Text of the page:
High Versus Low Crewmember Autonomy in Space Simulation Environments

  • Nick Kanas
  • Stephanie Saylor
  • Matthew Harris
  • Thomas Neylan
  • Jennifer Boyd
  • Daniel S. Weiss
  • Pamela Baskin
  • Colleen Cook
  • Charles Marmar
Chapter
Part of the Space Technology Library book series (SPTL, volume 29)

Abstract

Given the long distances involved and the kinds of activities planned, crewmembers participating in long-duration exploratory space missions such as an expedition to Mars will have more autonomy than in previous space missions. In order to study the impact of high versus low crew autonomy on crewmembers and the crew–mission control interaction, we conducted a series of pilot studies involving three space simulation settings: NASA Extreme Environment Mission Operations (NEEMO) missions, the Haughton-Mars Project, and the pilot phase of the Mars500 Program. As in our previous on-orbit studies on the Mir and International Space Station, crew and mission control subjects working in missions involving these three settings completed a weekly study questionnaire that assessed mood and interpersonal interactions using the Profile of Mood States, the Group Environment Scale, and the Work Environment Scale. The Mars500 pilot study also directly assessed individual and group autonomy. In these studies, high autonomy periods were those where crewmembers planned much of their work schedule, whereas low autonomy periods were those where mission control personnel developed the schedule, much as happens now during actual space flight conditions. Our results suggested that high work autonomy was well-received by the crews, mission goals were accomplished, and there were no adverse effects. During high autonomy periods, crewmember mood was generally reported as being better and creativity was higher, but mission control personnel reported some confusion about their work role. The crewmember group environment in the Mars500 pilot study was dependent on the nationality mix. Despite scoring lower in work pressure overall, the four Russian crewmembers reported a greater rise in work pressure from low to high autonomy than the two Europeans. In contrast, the European crewmembers reported a greater rise in dysphoric mood in going from low to high autonomy, whereas the Russians’ emotional state remained the same or slightly improved. It is time to study the effects of high autonomy with larger subject samples during actual space missions on-orbit in preparation for future exploratory missions, where high autonomy will be the norm.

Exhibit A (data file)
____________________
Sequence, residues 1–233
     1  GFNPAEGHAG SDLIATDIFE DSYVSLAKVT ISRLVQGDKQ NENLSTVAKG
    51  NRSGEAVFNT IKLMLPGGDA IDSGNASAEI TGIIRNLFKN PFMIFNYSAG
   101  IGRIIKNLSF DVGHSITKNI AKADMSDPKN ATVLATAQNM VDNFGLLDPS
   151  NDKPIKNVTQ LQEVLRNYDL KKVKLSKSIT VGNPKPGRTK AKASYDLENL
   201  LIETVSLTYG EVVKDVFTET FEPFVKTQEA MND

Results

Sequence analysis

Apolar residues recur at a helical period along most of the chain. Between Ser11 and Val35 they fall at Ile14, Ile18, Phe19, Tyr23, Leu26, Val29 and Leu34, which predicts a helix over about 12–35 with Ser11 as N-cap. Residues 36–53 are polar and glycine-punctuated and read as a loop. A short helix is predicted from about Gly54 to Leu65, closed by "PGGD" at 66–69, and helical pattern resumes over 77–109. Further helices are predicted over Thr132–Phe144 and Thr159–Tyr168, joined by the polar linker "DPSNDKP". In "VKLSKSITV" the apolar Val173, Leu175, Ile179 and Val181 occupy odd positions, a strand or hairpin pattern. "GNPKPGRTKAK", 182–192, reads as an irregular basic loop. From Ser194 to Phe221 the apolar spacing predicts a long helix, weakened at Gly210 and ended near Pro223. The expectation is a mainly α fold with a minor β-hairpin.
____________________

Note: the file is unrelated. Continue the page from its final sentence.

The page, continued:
Keywords

International Space Station Work Pressure Social Climate Autonomy Condition Mission Control 
These keywords were added by machine and not by the authors. This process is experimental and the keywords may be updated as the learning algorithm improves.

Notes

Acknowledgements

Figures 12.2 and 12.3 and parts of this chapter were presented at the Workshop on Human Behaviour and Performance in Analog Environments and Simulations, ESA/ESTEC, Noordwijk, The Netherlands, December 7–8, 2009. The work reported in this chapter was funded by NASA (Contract numbers NCC-9-0161 and NNJ05HG01A) and the National Space Biomedical Research Institute (Contract number NCC-9-58-NBPF00005). The authors would like to thank the Institute for Biomedical Problems in Moscow for its support of our participation in the Mars500 Program’s 105-day study.

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Copyright information

© Springer-Verlag Berlin Heidelberg 2013

Authors and Affiliations

  • Nick Kanas
    • 1
  • Stephanie Saylor
    • 1
  • Matthew Harris
    • 1
  • Thomas Neylan
    • 1
  • Jennifer Boyd
    • 1
  • Daniel S. Weiss
    • 1
  • Pamela Baskin
    • 2
  • Colleen Cook
    • 1
  • Charles Marmar
    • 3
  1. 1.University of California, San Francisco, and Veterans Affairs Medical CenterSan FranciscoUSA
  2. 2.WyleIntegrated Science and Engineering GroupHoustonUSA
  3. 3.New York University Medical CenterNew YorkUSA

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